Jakarta. The National Plastic Action Partnership (NPAP) Indonesia, a multi-stakeholder platform focusing on tackling marine debris, is teaming up with the government to keep the seas plastic-free.
NPAP and the Coordinating Ministry for Maritime Affairs and Investment hosted the “Beating Plastic Pollution from Source to Sea” forum in Bali on Nov. 3-4, ahead of the G20 Summit.
“I believe that such collaborative action determines our future. And at the upcoming G20 summit, we must support this pledge and promote this to other stakeholders who care about the next generation,” Coordinating Minister for Economic Affairs Luhut Binsar Pandjaitan during the event.
Indonesia has set a target to reduce 70 percent of its marine debris by 2025. “To this end, the government works with stakeholders who have made efforts that are not business as usual to help accelerate waste management and prevent waste from entering the waters,” said the Deputy of Environment & Forestry Coordination of the Coordinating Ministry for Maritime Affairs and Investment Nani Herdianty.
According to Nani, manufacturers, producers, retailers, and F&B services should try to reduce, reuse, and recycle their products and packaging. The government is also working alongside multiple stakeholders, among others, NPAP Indonesia.
“NPAP has become a multi-stakeholder platform that puts together policymakers, experts, business leaders, civil society organizations, and academia in five task forces, namely policy, financing, innovation, behavior change, and metrics,” Nani said.
NPAP Indonesia chairwoman Tuti Hadiputranto added, “This is one of the biggest problems that the world is facing today. And the government, business, or community cannot work alone. Collaboration is key for our success in reducing the amount of waste leaking into the sea,”.
The seats in the business matching rooms were made of 100% recycled plastic. Tuti also mentioned that the event’s merchandise was made from recycled plastic. Local artists were involved in creating installations using thousands of plastic litter.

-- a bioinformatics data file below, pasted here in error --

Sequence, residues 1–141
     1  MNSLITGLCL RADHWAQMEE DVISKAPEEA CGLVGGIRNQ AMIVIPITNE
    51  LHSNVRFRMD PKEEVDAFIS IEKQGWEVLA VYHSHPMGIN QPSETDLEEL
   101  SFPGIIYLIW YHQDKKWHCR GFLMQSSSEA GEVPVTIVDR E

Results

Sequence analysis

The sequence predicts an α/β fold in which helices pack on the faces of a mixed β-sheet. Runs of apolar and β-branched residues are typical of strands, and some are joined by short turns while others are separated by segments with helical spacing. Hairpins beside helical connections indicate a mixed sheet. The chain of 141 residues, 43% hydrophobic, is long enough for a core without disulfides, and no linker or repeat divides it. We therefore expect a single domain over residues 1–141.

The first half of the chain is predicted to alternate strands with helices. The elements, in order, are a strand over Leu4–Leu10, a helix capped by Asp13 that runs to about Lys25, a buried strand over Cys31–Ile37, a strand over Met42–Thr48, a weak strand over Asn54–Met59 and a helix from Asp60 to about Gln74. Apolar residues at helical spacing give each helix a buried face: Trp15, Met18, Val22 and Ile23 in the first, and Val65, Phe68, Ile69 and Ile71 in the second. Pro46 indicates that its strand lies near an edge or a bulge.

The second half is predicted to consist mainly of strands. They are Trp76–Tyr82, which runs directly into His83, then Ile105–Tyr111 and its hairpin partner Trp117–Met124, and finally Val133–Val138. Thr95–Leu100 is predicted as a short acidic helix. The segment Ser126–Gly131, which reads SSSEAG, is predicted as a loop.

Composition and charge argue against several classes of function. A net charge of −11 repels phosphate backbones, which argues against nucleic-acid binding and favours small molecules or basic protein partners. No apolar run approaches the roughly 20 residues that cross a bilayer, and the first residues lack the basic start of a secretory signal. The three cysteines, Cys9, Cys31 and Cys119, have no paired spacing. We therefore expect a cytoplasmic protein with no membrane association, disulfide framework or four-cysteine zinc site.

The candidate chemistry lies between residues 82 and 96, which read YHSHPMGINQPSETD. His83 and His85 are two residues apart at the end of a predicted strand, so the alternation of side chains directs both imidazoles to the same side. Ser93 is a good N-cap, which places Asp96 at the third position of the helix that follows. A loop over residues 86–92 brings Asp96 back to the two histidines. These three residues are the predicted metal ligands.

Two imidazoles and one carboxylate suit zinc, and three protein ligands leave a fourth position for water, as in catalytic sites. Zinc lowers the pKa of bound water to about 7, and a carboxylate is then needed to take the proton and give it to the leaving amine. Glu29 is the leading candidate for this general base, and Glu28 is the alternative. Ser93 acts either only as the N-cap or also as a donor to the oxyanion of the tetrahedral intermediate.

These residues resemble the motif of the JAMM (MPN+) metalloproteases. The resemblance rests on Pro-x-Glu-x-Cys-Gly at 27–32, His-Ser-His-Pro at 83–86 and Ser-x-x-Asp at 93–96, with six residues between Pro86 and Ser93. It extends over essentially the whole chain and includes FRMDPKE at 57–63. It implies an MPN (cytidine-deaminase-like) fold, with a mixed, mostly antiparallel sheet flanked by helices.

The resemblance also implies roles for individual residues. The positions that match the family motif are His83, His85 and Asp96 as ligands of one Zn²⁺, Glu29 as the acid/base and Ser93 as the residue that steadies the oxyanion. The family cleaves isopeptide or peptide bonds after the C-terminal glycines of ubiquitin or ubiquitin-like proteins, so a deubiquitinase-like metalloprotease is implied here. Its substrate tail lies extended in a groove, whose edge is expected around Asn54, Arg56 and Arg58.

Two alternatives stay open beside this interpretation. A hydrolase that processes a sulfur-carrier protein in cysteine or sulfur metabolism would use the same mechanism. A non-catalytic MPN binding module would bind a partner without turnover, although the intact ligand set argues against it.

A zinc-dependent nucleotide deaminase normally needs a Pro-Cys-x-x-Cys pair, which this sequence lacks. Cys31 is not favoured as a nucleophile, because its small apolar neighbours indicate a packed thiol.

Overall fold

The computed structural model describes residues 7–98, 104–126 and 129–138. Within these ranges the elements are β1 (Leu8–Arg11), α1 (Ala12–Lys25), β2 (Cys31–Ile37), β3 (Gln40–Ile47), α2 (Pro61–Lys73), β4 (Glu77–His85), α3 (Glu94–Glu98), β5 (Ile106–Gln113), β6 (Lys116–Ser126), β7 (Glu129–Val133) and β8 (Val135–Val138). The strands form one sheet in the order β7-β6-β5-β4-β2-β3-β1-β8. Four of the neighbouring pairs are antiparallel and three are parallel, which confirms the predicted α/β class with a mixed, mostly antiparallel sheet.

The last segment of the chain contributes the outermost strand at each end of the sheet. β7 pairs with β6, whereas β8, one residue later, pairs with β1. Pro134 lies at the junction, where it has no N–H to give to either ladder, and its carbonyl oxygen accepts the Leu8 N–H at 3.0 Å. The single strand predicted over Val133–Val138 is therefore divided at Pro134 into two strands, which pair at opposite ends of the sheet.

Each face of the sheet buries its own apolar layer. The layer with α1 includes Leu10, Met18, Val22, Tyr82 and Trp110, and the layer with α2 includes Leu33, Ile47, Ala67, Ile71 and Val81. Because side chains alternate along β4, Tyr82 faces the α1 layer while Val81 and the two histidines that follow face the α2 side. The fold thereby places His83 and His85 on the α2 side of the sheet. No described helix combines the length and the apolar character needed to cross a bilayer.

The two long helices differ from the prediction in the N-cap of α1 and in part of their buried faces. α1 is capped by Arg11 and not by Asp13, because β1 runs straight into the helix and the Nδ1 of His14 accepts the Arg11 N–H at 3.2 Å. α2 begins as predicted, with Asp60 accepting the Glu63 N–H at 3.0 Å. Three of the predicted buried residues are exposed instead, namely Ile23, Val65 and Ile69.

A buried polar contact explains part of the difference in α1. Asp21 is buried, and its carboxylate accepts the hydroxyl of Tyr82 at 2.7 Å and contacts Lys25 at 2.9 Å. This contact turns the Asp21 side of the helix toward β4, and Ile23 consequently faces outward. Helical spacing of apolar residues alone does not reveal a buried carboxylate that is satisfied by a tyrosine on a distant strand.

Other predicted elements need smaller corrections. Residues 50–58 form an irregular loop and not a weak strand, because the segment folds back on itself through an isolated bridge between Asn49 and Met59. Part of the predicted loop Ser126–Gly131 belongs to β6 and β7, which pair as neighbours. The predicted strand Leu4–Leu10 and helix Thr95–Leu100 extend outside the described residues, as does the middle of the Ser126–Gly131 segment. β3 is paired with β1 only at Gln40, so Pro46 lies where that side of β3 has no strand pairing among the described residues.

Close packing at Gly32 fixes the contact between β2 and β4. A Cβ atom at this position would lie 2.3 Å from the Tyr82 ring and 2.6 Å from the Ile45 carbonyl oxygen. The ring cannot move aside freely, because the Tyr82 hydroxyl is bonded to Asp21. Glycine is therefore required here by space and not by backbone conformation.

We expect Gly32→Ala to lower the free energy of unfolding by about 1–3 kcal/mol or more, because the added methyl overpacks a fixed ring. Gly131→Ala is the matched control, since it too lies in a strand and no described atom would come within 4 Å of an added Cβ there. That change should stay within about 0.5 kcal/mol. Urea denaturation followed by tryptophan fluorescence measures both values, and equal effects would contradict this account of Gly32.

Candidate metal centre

“All this is to show our support for the circular economy. We hope that this can inspire more summits by reducing plastic use during the event, especially at the G20 Summit in Bali,” Tuti said.
The “Beating Plastic Pollution from Source to Sea'' forum is supported by the Alliance to End Plastic Waste and The Coca-Cola Company (TCCC) as the strategic partners, as well as the World Bank and Delterra as the knowledge partners. Asian Development Bank (ADB), Danone-Aqua Indonesia, Unilever Indonesia, German Development Cooperation, and SecondMuse. Also on the list are Minderoo Foundation, Nestlé Indonesia, Commonwealth Scientific and Industrial Research Organisation (CSIRO), Kedaireka, PHINLA, National Coordination Team for Marine Debris Handling (TKN PSL), Divers Clean Action, Waste4Change, EcoBali, Coca-cola Europacific Partners Indonesia Mitra Adiperkasa, Starbucks Indonesia, Greenhope, and DUITIN.
Director of Public Affairs, Communications and Sustainability of PT Coca-Cola Indonesia Triyono Prijosoesilo also gave his comment on plastic pollution. He said that The Coca-Cola System (Coca-Cola Indonesia and Coca-Cola Europacific Partners Indonesia) has collaborated with many stakeholders to create a solution for a circular plastic packaging collection in Indonesia.
“We will always support the efforts done by the government or other stakeholders such as NPAP to address the pace of the plastic litter in Indonesia. This year, we took part in the ‘Beating Plastic Pollution from Source to Sea’ forum hosted by NPAP to welcome [Indonesia’s] G20 Presidency,” Triyono said.
“We believe that more collaborative actions would help realize the efforts to bring a better circular economy to Indonesia. In line with our company’s global vision of 'World Without Waste’, we will continue to try to realize our commitment to collect and recycle a bottle for each one sold and consumed globally by 2030,” Triyono said.
According to NPAP Indonesia gender, equity, and social inclusion (GESI) ambassador Yeni Wahid, the group also embraced a gender-responsive approach in whatever it does or commissions.
“We should no longer ignore the social aspect of the plastic economy. To create a just circular economy, all stakeholders must realize the hardships faced by women and other marginal groups. They also need to work together to promote gender equality and social inclusion across the plastic value chain,” Yenny concluded.
NPAP Indonesia hosted the “Beating Plastic Pollution from Source to Sea” forum as part of its support for Indonesia’s G20 Presidency.
Earlier this week, the leaders of the world’s biggest economies convened in Bali to discuss the most pressing issues related to global healthcare architecture, energy transition, and digital transformation. The summit ended with the adoption of the Bali Leaders’ Declaration. On plastic pollution, the declaration reads, “In line with the UNEA Resolution 5/14, we are committed to developing an international legally binding instrument on plastic pollution, including in the marine environment, with the ambition of completing the work by the end of 2024.”
At the end of the summit, Indonesia passed over its G20 Presidency baton to India.